BOSTON (Legal Newsline) – Massachusetts-based victims of data breaches now have a new way to find out about how their personal information and data has been affected, thanks to a new archive published by the Massachusetts Office of Consumer Affairs and Business Regulation (OCABR).
In January 2016 the OCABR published a list of every data breach that has affected Massachusetts residents since 2007, going back to when the commonwealth's M.G.L. c. 93(H) data breach and security notification law went into effect.
“The Massachusetts data breach security and notification law requires entities to notify the OCABR, the state attorney general and the individuals affected if there is any unauthorized use of data or if they know if that personal information was used or acquired for an unauthorized purpose,” Kathleen Porter, partner at Robinson and Cole, told Legal Newsline.
“Personal information for these purposes includes first names, last names, financial account information, bank account information, debit account information and Social Security numbers. But, previously the notifications only included a letter letting the target know they had been breached. The new archive goes into much more detail.”
Thanks to recent changes in Massachusetts transparency laws, the OCABR now archives every recorded data breach that has taken place in the commonwealth over the last 10 years. It includes notes for the entity that was breached, the number of Massachusetts residents affected, whether the breach was of electronic or paper records, identifies whether Social Security, driver’s license, credit or debit card numbers were accessed, whether the data was encrypted, whether a mobile device was lost or stolen, and whether credit monitoring or other relief was offered to the individuals affected.
“The change to the law meant that there was a decision to make as much of the situation as transparent as possible as part of a broader push to have state agencies publish more information about their activities,” Porter said. “The OCABR put together this archive, although it isn't really a searchable database; rather it's more of a PDF document with each intrusion listed.”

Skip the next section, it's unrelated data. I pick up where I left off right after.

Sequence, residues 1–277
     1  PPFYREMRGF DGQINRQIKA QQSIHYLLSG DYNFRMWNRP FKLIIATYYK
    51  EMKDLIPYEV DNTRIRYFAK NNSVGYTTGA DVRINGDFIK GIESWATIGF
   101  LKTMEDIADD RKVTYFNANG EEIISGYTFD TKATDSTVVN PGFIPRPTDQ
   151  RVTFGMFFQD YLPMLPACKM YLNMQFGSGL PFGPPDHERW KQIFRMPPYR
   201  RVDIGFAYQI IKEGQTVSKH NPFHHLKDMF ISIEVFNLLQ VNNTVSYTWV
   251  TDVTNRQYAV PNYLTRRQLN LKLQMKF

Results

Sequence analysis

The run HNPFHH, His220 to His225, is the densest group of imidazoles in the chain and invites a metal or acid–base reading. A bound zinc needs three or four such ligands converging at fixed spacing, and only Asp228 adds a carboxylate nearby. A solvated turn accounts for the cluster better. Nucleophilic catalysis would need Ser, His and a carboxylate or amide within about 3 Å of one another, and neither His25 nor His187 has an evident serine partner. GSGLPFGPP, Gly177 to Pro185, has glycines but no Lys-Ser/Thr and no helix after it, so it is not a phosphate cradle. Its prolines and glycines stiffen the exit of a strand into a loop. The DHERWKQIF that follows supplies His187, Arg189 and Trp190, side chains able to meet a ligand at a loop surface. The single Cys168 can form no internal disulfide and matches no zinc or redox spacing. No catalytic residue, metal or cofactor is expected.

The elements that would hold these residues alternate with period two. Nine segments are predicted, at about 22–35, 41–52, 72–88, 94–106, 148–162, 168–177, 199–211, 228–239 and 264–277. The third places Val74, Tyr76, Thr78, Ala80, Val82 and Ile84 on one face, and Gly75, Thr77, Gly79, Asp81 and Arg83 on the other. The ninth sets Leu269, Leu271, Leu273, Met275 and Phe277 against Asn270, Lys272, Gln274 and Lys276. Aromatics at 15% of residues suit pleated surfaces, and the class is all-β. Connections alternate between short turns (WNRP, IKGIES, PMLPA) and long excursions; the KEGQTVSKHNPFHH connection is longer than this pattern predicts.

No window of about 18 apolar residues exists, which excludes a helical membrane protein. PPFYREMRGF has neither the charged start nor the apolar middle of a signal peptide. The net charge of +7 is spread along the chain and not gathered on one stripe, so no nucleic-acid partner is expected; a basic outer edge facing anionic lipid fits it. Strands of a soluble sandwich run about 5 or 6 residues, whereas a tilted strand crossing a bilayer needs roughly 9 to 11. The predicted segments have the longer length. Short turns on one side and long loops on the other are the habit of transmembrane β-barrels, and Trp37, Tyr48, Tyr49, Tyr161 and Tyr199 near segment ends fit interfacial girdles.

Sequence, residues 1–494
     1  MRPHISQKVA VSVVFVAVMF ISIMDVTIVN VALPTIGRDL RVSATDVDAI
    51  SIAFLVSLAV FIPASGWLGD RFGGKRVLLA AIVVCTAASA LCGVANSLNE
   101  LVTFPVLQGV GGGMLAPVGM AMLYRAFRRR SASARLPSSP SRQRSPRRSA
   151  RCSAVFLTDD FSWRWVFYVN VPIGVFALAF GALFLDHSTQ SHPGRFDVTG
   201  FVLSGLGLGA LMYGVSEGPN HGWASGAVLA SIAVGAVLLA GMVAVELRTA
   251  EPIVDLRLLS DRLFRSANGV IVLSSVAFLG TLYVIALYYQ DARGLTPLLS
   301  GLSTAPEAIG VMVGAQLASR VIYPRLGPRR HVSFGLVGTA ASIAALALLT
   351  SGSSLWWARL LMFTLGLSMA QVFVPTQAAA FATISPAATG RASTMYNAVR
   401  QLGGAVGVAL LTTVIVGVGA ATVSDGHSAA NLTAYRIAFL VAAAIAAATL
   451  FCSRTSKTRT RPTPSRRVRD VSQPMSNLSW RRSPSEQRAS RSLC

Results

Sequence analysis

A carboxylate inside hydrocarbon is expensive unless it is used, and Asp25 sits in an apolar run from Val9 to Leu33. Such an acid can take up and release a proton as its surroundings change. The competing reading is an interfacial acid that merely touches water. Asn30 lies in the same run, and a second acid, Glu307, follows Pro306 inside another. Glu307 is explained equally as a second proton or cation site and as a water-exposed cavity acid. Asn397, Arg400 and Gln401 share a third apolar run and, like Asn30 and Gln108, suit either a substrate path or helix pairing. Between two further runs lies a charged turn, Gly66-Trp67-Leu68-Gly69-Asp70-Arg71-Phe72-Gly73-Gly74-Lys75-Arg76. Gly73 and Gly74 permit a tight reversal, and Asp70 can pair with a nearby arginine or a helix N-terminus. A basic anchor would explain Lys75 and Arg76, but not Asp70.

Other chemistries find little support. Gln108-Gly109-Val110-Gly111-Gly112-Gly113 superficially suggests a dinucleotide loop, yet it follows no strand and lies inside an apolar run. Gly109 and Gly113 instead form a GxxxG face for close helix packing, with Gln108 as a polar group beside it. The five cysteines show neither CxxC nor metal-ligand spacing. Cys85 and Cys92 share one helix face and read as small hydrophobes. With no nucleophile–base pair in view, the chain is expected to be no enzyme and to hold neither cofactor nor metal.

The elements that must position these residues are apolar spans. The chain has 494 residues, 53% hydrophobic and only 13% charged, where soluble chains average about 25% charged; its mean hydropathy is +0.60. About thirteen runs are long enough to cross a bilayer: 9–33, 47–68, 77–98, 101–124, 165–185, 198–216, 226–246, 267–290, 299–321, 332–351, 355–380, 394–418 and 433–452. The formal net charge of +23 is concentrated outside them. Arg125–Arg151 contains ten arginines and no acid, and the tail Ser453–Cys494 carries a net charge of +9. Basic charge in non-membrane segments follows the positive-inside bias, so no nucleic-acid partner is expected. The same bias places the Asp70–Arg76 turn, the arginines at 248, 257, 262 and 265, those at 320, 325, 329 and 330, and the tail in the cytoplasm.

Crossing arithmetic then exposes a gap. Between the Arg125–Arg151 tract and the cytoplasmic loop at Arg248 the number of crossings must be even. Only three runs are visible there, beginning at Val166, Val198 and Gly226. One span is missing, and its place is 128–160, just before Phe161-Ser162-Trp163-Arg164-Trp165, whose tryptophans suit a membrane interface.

According to Porter, there are a small number of states with similar laws that require notification in case of a data breach, but they are by far a minority.
“But one thing that is interesting is the letter the OCABR sends is itself is very different from what you get from lot of different states,” Porter said. “In Massachusetts, you can't really state how many people were affected by the breach (and) you can't spell out the details. So this posting does include the number of people who were affected, so it does add some additional pieces of information.”
Looking toward the future, Porter said that publication of the data breach archive could represent a trend that makes it easier for legal teams to file class action litigation against entities that are liable for the loss of personal or private data. The new archive will greatly expand on the available information and could make it much easier to find the information necessary to file those lawsuits.